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Insurance – Beyond Professional Liability Coverage

In most Canadian regulated professions where services are offered to clients, professional liability insurance is a staple. The CPATA Act includes a legislative requirement for licensees to hold professional liability insurance, which CPATA enforces. Insurance is a primary way in which CPATA can protect the public interest, as it protects clients in situations where errors and omissions on the part of the agent result in financial loss for clients. It also offers a benefit to agents and their colleagues by ensuring that resources are available to defend insured agents and redress damages.

Most of us rarely give a second thought to whether we should have home and auto insurance coverage, as well as health and life insurance. But when it comes to our businesses and practices, we do not automatically think about ways to manage what are very real risks.

In addition to professional liability insurance, professionals and business owners should consider other forms of insurance coverage to protect their own and their clients’ interests. This article highlights some considerations for CPATA licensees when assessing what additional insurance coverage might be prudent.

 

Who needs to have professional liability insurance

 

  • Class 1 licensees who provide services to the public
  • Class 2 licensees who provide services to the public (must have insurance by December 31, 2023)
  • Class 3 licensees (must be covered by the insurance policy of their supervisor, their employer or their own policy)

Licensees who do not provide services to the public (for example in-house pracitioners) are exempt from professional liability insurance requirements, regardless of which licence class they hold.

 

Policy Requirements

 

Professional liability insurance must meet the following requirements:

    • It must be issued by an insurance company licensed in Canada;
    • It must cover claims made in and outside Canada (in recognition of the international scope of practice of most IP agents);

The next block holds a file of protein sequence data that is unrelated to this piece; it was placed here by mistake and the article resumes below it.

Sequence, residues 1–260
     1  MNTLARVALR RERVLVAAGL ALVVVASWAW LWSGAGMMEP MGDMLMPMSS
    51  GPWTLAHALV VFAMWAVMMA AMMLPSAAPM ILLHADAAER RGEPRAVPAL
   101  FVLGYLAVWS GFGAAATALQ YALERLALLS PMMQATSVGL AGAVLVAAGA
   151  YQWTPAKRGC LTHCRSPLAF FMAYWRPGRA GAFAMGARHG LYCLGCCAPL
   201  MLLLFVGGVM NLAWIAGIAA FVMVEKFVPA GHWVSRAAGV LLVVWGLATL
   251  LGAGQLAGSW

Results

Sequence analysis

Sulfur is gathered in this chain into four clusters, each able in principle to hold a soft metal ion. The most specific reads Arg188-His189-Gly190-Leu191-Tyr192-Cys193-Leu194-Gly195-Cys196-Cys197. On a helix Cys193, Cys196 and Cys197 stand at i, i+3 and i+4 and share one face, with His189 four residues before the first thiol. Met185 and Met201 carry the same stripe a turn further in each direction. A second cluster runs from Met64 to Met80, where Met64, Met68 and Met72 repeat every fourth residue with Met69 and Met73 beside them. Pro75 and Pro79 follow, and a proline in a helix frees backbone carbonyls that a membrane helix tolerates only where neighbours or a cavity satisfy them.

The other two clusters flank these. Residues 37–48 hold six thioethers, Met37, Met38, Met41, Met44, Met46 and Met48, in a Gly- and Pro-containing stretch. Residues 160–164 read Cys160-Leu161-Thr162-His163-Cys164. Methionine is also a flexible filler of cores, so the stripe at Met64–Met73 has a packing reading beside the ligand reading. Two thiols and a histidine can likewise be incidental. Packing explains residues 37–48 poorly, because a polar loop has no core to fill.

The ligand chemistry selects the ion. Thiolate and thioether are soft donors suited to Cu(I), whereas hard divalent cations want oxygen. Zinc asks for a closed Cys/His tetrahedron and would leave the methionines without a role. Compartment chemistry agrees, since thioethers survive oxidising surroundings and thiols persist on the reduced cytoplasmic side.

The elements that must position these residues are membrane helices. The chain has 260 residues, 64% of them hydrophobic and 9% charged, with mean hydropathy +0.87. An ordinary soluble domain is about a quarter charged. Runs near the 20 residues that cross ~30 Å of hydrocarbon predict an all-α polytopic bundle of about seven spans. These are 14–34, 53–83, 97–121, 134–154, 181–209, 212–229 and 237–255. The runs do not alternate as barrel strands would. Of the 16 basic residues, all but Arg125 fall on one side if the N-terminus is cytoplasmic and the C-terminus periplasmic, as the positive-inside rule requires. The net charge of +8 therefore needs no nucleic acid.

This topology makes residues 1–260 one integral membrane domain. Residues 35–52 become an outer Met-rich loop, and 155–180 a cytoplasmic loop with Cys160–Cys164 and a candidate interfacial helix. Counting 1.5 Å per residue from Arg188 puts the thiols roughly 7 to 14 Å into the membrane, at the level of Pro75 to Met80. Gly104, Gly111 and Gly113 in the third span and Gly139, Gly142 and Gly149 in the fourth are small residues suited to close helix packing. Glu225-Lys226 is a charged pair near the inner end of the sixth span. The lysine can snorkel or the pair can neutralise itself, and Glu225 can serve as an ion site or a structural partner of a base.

• It must indemnify the licensee for any civil liability that arises from the licensee acting as a patent or trademark agent; and
    • It must have coverage limits of a minimum of $1 million per claim and $2 million aggregate per year.

 

Other insurance options and considerations

 

It is important that as an IP professional, you understand and evaluate professional and personal risks relevant to your practice, so that you can decide what additional insurance coverage may be prudent. The key to this evaluation is identifying your foreseeable and actual risks, including:

  • Business interruptions from natural disasters, a pandemic, etc.
  • Cyber-attacks and data theft
  • Personal illness or death
  • Property damage
  • Crime

Having a range of insurance protection is an essential form of risk management for you and your business, helps protect you and your clients, and can give you a competitive advantage. Most forms of coverage also come with a range of services and support, including risk management tools and claims handling, which offer you peace of mind. It is important to compare the insurance products available, do your own cost-benefit analysis and get advice about what products would best suit your particular area and type of practice.

Another consideration when it comes to insurance is your ethical duties under the CPATA Code of Professional Conduct for Patent Agents and Trademark Agents. Part 2 of the Code sets out the duties licensees owe to clients to be competent, and this extends to ensuring that all of your employees are also competent. This can create challenges, and mistakes can be made by others for which an agent may be held responsible. Having coverage for such errors and omissions, as well as employment-related litigation, can be extremely helpful.

Part 3 of the Code addresses licensees’ duties of confidentiality and privacy. Accidental violation of these duties can lead to breaches of the Code as well as privacy legislation. There are many recent examples of massive data breaches that illustrate both how easy it is for this to happen and how costly these situations are to repair.

 

Types of insurance

 

There are many different types of insurance to consider in the current professional and business environment. What type(s) you need and the amount of coverage will depend on your areas of practice and foreseeable risks. Consider whether you would benefit from the following:

 

Business Owner Policies

    • Commercial general liability
    • Property
    • Business interruption

Professional Liability Policies

    • Directors and Officers Liability
    • Executor and Trustee
    • Excess Errors and Omissions
    • Run-off (for claims filed after you leave practice)

Other

    • Cybercrime and data theft/loss
    • Crime
    • Employment litigation
    • Critical illness/disability/key person insurance
    • Personal: health, life, LTD, home, auto

Insurance can be costly, so do your research, ask the experts, talk to your fellow agents, and ensure your business plan includes appropriate insurance to help you manage risk.

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